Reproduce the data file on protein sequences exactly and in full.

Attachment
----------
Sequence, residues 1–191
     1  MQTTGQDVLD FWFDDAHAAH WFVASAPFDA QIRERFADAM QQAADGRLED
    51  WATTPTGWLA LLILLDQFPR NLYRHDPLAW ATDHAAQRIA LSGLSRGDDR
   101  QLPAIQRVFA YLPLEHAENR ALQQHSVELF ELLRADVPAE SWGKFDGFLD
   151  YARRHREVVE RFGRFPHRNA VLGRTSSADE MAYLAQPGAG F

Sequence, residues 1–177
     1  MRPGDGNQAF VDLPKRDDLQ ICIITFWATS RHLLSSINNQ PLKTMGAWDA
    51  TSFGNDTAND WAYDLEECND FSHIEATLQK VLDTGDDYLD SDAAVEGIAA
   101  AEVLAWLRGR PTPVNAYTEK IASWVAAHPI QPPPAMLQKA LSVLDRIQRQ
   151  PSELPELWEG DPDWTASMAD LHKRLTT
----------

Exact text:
Sequence, residues 1–191
     1  MQTTGQDVLD FWFDDAHAAH WFVASAPFDA QIRERFADAM QQAADGRLED
    51  WATTPTGWLA LLILLDQFPR NLYRHDPLAW ATDHAAQRIA LSGLSRGDDR
   101  QLPAIQRVFA YLPLEHAENR ALQQHSVELF ELLRADVPAE SWGKFDGFLD
   151  YARRHREVVE RFGRFPHRNA VLGRTSSADE MAYLAQPGAG F

Sequence, residues 1–177
     1  MRPGDGNQAF VDLPKRDDLQ ICIITFWATS RHLLSSINNQ PLKTMGAWDA
    51  TSFGNDTAND WAYDLEECND FSHIEATLQK VLDTGDDYLD SDAAVEGIAA
   101  AEVLAWLRGR PTPVNAYTEK IASWVAAHPI QPPPAMLQKA LSVLDRIQRQ
   151  PSELPELWEG DPDWTASMAD LHKRLTT